Hummingbirds are attracted to the flowers, especially since they bloom when not much else is flowering. In the fall the shrub has blue-black berries that attract fruit-eating birds including mockingbirds and cedar waxwings. Ribes sanguineum is found along the Pacific coast from California to British Columbia, Canada.

Ribes speciosum

Pronunciation
RIE-bees spes-ee-OH-sum
Common Name
Fuchsia Flowering Gooseberry
Plant Type
Shrub
Mature Size
4-8 ft tall x 6-10 ft wide
Water Requirements
Very Low: water deeply several times a summer
Sun/Shade Requirements
Full to half sun, shade
Wildlife
  • Hummingbirds
Flower Color
Red
Maintenance- Design- Planting Tips

This California native is a large, spiny shrub that can exist with no summer irrigation. In our experience, Ribes speciosum will go fully dormant during the summer, therefore it's not recommended as a summer focal plant. As soon as the winter rains begin, the plant will unfold glossy green leaves and fuchsia-like red flowers that bloom all winter. The flowers that hang along the undersides of the long arching branches are loved by hummingbirds.

Because of the spiny branches this shrub should be kept away from walks. It does makes a formidable barrier.

Rosa chinensis 'Mutabilis'

Pronunciation
ROE-sah chin-EN-sis mew-TAB-ill-iss
Common Name
Butterfly Rose
Plant Type
Shrub
Mature Size
8 ft. to 10 ft. tall and wide
Water Requirements
Low: water every three weeks until the root ball is wet
Sun/Shade Requirements
Full to half sun
Wildlife
  • Bees
  • Beneficials
Flower Color
Maintenance- Design- Planting Tips

While most hybrid tea roses like regular water and fertilizer, there are many antique roses that withstand tough conditions. Rosa x ordorata 'Mutabilis' is very successful under our low water/no fertilizer regime. This rose likes full sun, but will grow and bloom in part shade.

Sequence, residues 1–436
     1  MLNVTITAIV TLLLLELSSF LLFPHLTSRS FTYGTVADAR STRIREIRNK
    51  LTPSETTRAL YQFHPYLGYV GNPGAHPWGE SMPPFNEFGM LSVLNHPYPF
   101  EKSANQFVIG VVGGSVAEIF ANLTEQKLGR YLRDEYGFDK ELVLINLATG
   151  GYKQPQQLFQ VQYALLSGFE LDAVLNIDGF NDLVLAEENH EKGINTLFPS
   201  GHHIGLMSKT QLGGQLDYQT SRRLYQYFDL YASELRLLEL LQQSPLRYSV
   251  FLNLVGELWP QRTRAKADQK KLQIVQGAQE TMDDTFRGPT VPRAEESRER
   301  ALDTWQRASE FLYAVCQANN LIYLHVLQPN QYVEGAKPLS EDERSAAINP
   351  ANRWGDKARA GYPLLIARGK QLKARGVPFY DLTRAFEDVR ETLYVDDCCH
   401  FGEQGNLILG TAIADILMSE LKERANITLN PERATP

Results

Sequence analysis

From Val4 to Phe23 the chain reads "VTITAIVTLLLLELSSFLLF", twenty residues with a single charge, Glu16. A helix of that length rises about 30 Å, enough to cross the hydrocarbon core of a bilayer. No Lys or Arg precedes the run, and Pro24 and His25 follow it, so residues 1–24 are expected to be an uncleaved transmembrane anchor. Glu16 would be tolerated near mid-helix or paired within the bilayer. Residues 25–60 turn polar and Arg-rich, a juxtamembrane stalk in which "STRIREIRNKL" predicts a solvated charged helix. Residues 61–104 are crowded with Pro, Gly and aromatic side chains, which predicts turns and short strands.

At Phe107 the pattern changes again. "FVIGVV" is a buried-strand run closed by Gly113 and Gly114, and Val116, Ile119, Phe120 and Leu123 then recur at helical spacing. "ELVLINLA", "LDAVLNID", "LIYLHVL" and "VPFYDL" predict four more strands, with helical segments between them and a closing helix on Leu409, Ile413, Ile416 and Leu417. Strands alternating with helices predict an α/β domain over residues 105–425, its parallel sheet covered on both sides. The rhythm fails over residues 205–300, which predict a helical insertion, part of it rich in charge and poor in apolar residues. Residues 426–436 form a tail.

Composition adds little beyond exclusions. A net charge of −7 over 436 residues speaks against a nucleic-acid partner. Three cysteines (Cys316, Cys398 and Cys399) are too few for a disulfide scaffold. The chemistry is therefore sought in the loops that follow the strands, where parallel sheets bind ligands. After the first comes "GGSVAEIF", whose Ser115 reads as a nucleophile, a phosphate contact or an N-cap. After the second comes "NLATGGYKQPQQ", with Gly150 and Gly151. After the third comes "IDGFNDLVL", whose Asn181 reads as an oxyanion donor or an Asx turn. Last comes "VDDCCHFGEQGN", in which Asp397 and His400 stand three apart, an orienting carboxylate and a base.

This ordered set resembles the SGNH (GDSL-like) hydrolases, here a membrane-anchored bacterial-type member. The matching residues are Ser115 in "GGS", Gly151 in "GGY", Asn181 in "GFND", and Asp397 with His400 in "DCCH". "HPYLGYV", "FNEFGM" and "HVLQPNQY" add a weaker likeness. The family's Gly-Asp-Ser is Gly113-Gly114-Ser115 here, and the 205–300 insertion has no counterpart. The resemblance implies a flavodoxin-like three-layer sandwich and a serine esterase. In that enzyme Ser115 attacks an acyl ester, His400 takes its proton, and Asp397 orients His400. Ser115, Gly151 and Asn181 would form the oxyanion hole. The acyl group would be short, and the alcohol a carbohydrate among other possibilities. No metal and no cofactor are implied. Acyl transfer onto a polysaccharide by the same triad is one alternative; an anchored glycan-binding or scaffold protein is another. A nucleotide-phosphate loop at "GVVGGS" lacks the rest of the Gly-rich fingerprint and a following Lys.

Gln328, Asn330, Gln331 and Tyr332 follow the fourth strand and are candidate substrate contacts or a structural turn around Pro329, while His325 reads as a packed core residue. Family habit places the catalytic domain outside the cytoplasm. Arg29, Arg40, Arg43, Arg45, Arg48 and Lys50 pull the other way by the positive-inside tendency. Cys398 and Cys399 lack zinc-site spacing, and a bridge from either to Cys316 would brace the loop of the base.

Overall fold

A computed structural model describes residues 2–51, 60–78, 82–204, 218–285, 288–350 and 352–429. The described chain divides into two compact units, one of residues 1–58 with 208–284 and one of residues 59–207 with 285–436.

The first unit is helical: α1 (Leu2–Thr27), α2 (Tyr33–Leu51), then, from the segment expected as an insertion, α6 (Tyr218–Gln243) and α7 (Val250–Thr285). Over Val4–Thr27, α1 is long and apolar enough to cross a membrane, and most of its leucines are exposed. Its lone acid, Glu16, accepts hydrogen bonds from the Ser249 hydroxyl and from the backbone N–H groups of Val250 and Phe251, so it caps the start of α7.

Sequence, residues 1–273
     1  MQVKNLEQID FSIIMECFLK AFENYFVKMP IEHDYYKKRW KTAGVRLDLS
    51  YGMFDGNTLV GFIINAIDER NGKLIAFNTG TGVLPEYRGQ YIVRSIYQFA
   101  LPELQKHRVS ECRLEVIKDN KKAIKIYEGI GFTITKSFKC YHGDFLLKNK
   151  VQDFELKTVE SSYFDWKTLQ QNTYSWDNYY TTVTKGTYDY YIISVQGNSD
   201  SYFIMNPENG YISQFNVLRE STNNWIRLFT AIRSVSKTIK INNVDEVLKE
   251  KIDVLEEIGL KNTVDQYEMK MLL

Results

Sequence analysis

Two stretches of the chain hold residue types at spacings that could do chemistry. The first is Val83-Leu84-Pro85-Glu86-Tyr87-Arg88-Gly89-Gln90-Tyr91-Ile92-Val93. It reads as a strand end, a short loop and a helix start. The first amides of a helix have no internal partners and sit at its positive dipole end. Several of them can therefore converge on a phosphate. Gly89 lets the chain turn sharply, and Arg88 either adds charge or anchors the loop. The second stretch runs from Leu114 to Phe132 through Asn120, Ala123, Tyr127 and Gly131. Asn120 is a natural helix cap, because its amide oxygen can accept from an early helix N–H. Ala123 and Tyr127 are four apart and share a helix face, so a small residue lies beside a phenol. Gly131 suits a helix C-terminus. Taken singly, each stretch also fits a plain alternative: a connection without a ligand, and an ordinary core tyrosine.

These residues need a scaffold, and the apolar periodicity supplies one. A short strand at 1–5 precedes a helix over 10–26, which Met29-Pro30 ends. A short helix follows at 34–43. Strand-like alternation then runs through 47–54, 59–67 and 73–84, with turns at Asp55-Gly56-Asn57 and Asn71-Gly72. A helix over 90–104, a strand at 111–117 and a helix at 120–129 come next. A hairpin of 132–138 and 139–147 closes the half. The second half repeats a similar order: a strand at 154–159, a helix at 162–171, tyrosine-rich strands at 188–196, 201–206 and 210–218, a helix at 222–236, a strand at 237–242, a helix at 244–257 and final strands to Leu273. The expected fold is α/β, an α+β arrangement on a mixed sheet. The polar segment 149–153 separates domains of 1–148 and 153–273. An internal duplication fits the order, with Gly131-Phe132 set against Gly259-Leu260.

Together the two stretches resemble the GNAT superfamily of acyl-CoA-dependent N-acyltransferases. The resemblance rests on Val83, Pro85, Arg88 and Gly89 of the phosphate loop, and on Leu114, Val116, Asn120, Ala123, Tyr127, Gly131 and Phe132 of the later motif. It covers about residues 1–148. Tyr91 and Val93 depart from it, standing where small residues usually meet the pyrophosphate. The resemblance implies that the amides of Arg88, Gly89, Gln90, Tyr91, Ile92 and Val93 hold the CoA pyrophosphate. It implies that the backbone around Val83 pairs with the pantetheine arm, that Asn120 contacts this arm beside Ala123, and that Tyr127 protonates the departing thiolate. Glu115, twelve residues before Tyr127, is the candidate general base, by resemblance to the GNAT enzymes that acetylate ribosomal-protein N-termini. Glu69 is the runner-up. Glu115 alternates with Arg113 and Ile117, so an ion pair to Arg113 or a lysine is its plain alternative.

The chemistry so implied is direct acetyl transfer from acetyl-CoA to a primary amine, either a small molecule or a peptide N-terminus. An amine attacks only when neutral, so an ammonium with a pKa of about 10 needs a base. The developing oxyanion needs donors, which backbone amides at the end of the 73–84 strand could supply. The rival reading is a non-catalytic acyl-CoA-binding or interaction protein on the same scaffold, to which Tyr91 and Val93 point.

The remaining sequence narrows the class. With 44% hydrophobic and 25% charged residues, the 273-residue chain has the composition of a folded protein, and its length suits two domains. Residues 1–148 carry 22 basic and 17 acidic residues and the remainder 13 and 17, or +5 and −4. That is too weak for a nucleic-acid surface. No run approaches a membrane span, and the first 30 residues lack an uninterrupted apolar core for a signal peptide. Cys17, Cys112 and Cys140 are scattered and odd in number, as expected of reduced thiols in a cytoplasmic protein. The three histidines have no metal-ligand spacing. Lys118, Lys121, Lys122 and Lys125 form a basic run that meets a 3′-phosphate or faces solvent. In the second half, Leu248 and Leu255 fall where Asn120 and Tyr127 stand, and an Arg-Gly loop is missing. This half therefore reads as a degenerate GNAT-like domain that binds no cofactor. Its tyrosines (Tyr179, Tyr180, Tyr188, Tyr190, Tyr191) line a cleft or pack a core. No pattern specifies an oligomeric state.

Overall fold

Rosa 'Mutabilis' grows into a large shrub with delicate blossoms that open orange then turn pink and finally maroon as it ages. The bronzy colored new foliage is also attractive. Blooming all summer, it is a focal point in our garden.

We pruned this rose back to about four feet in February, selectively cutting smaller branches back to a main stem. This helps keep the plant a manageable size and encourages lots of blooms over the summer.

Rosmarinus officinalis 'Tuscan Blue'

Pronunciation
ross-mah-RYE-nus oh-fi-shi-NAH-lis
Common Name
Tuscan Blue Rosemary
Plant Type
Shrub
Mature Size
6 ft. to 7 ft. tall and 1 1/2 ft. to 2 ft. wide
Water Requirements
Low: water every three weeks until the root ball is wet
Sun/Shade Requirements
Full sun
Wildlife
  • Bees
Flower Color
Blue
Maintenance- Design- Planting Tips

Rosemary is one of the toughest shrubs in the garden and a great evergreen plant to anchor a summer dry bed. It is from the Mediterranean Basin and is well suited to our climate. There are many different varieties and forms, some tall, others spreading. Flower color can also vary from pale blue to deep blue, and less commonly, pink and white. The variety in the Palo Alto Demonstration garden is 'Tuscan Blue'.

Rosemary starts blooming in the winter and provides food for bees when little else is blooming. Rosemary sometimes has a small bloom in the late summer and fall as well.

The 'Tuscan Blue' rosemary shrubs in our Palo Alto Demonstration Garden have never grown taller than 4 feet and are more ball shaped than vertical. Part of this may be due to less watering and part of this may be due to our pruning regime. We prune it by 1/3 to 1/2 after it finishes blooming in late spring to control its height. We also prune side branches that fall on other plants. Once the plants become mature, we prune out up to 1/3 of the large woody branches to control plant size and maintain vigor.

To minimize pruning, we have taken out several of our 'Tuscan Blue' rosemary shrubs and replaced them with the smaller cultivar 'Mozart', a UC Davis Arboretum "All-Star". We'll let you know how are experiment works.

Rosemary is useful herb in the kitchen.

Salvia clevelandii

Pronunciation
SAL-vee-uh kleev-LAN-dee-eye
Common Name
Cleveland Sage
Plant Type
Shrub
Mature Size
3 ft. wide and tall
Water Requirements
Very Low: water deeply several times a summer
Sun/Shade Requirements
Full sun
Wildlife
Flower Color
Maintenance- Design- Planting Tips

'Winnifred Gilman' is a Salvia cultivar that is compact and has lovely violet-blue flowers. It is one of our favorite late spring California natives because the grey-green foliage smells like a chaparral morning.

Like many sages, these are short-lived plants. Even with regular pruning, Salvia clevelandii needs to be replaced every five to ten years when the stems become woody. We like to prune 'Winnifred Gilman' back by about a third in the late summer and early fall to prolong the life of the plant and maintain a nice shape.